The problem is that this isn’t a typical zombie movie and it’s truly excellent. It’s one of the best films I’ve seen for ages. Simon Pegg plays Shaun who is a lit of a loser who comes into his own as London gets over taken by the recently deceased who come back to life. Cricket bats to the head seem to be the way to fight off these zombies and where better to put up the fight but from your local pub? It’s amusing, well-written and there are some great performances (not only from Pegg but also Kate Ashfield, Nick Frost, Lucy Davis and Penelope Wilton). The attention to detail makes for some wonderful moments: as TV channels are scanned for news on the zombie invasion appearances by Krishnan Guru-Murthy, Carol Barnes, Rob Butler, Vernon Kay and a brilliant Jeremy Thompson make the film very rooted in Britain.
I am not sure how well is translates to other countries but if you live in the UK – and most importantly if you live near London – check the streets and the faces of those walking towards you for they may just be the living dead.
When God (Morgan Freeman) has had enough of the complaints he lets Bruce play God for a while (and God goes on vacation).
I seem to be spending most of my Christmas vacation watching films. We just watched Bruce Almighty and I quite enjoyed it. I have never been a big fan of the Jim Carrey slapstick roles but in this the comedy is more subtle.
Carrey plays TV reporter Bruce Nolan who hates the lifestyle oddities he is asked to report on a wants the TV anchor role. When his colleague Evan gets the gig Bruce, down on his luck, complains bitterly to everybody who listen. When God (Morgan Freeman) has had enough of the complaints he lets Bruce play God for a while (and God goes on vacation).
Predictably, Bruce uses the power to his own advantage at first before we get to the moment where he realises this isn’t the way (which is not too long after he let everybody win the lottery and watched riots unfold before him). And, despite that predictability, it’s an enjoyable way to pass an hour or two (and you hear God explain the concept of ‘Free Will’ which is a nice get-out clause for everybody).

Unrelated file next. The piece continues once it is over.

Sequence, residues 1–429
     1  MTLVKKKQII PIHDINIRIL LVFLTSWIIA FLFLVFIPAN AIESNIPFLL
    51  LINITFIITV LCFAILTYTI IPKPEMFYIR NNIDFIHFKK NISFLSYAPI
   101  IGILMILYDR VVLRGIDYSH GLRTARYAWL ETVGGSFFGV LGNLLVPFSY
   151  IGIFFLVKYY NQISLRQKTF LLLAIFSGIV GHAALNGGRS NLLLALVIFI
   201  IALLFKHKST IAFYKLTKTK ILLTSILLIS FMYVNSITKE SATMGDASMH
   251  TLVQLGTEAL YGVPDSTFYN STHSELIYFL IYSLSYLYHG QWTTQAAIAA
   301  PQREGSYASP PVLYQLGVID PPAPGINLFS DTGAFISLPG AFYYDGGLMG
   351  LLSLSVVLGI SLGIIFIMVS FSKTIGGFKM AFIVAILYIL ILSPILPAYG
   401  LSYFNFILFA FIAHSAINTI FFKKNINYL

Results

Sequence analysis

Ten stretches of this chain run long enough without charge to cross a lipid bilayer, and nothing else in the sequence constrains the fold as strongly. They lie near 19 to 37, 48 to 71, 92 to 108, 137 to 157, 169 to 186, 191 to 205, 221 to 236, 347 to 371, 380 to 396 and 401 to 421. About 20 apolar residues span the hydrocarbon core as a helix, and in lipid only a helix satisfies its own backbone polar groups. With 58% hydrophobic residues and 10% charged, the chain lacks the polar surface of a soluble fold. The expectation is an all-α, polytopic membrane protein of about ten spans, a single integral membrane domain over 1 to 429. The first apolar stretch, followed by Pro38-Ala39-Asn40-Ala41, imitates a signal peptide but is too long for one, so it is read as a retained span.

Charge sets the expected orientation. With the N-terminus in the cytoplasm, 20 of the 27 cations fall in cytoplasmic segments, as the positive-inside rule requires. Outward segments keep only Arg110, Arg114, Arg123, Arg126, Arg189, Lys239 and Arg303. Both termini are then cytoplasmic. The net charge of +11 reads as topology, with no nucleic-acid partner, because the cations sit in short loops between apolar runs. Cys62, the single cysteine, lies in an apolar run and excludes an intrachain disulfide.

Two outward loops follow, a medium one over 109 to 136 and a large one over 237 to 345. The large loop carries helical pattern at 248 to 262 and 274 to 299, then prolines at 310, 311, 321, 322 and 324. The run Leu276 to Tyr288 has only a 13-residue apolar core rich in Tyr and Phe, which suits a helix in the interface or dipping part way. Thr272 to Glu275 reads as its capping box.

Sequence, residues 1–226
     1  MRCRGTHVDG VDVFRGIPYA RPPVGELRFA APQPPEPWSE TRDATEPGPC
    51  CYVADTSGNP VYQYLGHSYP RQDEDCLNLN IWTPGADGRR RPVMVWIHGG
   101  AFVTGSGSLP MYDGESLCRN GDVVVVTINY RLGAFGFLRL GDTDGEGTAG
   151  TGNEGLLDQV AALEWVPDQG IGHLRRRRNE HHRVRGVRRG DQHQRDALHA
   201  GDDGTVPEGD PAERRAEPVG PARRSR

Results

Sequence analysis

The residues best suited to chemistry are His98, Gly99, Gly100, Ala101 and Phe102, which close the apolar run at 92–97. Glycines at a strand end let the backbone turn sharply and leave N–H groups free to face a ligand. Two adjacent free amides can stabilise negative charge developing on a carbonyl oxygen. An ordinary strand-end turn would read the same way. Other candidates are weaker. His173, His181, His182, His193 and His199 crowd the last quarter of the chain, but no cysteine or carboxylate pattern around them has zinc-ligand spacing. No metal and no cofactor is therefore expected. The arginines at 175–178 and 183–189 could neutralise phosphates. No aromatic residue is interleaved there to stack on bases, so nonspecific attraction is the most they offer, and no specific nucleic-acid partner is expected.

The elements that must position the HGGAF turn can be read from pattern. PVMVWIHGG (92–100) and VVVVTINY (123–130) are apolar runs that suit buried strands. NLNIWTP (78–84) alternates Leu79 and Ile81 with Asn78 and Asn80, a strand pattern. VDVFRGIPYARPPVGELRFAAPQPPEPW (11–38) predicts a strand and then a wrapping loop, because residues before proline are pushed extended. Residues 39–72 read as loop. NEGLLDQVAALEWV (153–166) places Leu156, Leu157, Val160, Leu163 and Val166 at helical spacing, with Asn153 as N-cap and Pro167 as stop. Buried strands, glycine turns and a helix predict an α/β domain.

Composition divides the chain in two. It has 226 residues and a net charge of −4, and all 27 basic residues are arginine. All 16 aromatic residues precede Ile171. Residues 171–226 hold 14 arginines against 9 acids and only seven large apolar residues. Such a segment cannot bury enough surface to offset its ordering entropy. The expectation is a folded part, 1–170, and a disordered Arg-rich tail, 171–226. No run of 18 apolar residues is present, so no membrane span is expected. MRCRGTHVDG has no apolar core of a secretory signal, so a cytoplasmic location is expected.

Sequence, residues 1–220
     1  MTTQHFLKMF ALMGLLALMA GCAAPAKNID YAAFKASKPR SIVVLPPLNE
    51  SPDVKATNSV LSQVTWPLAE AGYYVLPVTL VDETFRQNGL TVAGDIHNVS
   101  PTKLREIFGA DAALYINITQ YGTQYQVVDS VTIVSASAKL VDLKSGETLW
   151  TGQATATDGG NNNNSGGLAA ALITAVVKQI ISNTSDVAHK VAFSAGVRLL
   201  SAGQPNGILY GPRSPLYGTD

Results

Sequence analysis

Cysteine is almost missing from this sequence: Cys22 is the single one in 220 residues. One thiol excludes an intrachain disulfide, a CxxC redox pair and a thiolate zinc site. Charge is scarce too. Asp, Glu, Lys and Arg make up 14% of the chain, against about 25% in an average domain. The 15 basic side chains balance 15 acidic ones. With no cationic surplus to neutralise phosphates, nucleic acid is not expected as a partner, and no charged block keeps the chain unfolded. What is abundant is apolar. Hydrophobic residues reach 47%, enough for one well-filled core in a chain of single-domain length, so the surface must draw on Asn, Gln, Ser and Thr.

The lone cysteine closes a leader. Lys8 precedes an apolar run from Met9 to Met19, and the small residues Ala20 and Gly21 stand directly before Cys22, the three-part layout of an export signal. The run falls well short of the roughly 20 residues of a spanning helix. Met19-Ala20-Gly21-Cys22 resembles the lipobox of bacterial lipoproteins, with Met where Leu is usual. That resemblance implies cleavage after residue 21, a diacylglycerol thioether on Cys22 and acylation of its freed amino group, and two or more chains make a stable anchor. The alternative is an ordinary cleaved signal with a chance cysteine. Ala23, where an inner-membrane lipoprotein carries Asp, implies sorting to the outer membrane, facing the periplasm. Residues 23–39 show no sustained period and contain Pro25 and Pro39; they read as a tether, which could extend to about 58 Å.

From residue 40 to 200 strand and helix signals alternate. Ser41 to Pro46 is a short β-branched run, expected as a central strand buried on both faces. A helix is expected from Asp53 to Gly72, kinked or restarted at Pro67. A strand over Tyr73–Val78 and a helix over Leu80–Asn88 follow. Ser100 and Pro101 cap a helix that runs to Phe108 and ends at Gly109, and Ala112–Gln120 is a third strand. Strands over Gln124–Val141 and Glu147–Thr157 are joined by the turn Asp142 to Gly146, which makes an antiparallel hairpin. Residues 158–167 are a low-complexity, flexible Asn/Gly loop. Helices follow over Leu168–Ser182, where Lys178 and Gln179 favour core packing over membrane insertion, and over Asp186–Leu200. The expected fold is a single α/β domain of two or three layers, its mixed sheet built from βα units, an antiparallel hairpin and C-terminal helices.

Visually stunning both in terms of photography and the settings. The fight sequences well choreographed and executed and, overall it’s very stylised.
After yesterday’s trip to the cinema, we decided that we would do it again and PY had been wanting to see House of Flying Daggers (Shi mian mai fu) so it was decided that we’d give it a go. I have to admit that I am not a big fan of subtitled films in any language so the strangeness of Mandarin didn’t bother me too much. It’s visually stunning both in terms of photography and the settings. The fight sequences well choreographed and executed and, overall it’s very stylised. Many people will enjoy the style of the movie and equally as many will see the style as a blocker to following the plot (undercover police deputy becomes captivated with suspected revolutionary on a journey to somewhere never properly defined). I was willing to give it a go and really enjoyed the film for the presentation and visuals but I couldn’t get past the ‘style’ to become engaged in the plot. Hand-on-heart I tried. I can’t knock the film as I think my inability to connect is due to my lack of experience watching films like this and I would urge you to get to see it before it closes and let me know what you think.
I like films with a plot and Napoleon Dynamite is missing much of one but somehow the offbeat comedy works in a subtle – not laugh out loud – way.
If Napoleon Dynamite is to be believed, Idaho (or at the very least a place called Preston) is stuck back in the mid-Eighties and everybody is slightly odd. Napoleon is a school misfit with a misfit brother (who cruises Internet chat rooms), a misfit uncle (who is trying to recreate his high school football days) and a misfit friend Pedro who is trying to become Class President and is up against the all-American cheerleader, Summer. Add to that some milk-tasting contest and eating raw egg yolks in a chicken farm and I’m happy to admit it was a very strange experience.
Usually, I like films with a plot and Napoleon Dynamite is missing much of one but somehow the offbeat comedy works in a subtle – not laugh out loud – way. Add to that the massive Idaho landscapes and somehow you have an enjoyable way to spend a few of December’s final hours in a cinema. Just thank goodness for LaFawnduh.
Having read the positive reader comments on the BBC’s story about The Producers I suspect I may be a lone voice in expressing a little (and just a little) disappointment. I hadn’t read many reviews but I did know about the reception it had received in the US and the praise heaped on Nathan Lane and Matthew Broderick.
I haven’t seen the film which, judging by the number of people sitting around me who had, means I was possibly one of only a small number of people in the audience who hadn’t. I wonder if that made a difference?
I saw it a week or so ago and it was good but not as good as all the raving would imply. While Nathan Lane’s talent, comic timing and performance cannot be faulted I did find weaknesses in the show. I thought some of the musical numbers in the middle were slow and the Ulla character was not engaging at all – in fact she was positively irritating. James Dreyfuss was camp (which, I guess, is the intention) but in that 1970s OTT cringe worthy way. Humour is, of course, personal and subjective, but I found it only amusing and not laugh-out-loud funny as many of the reviews suggest.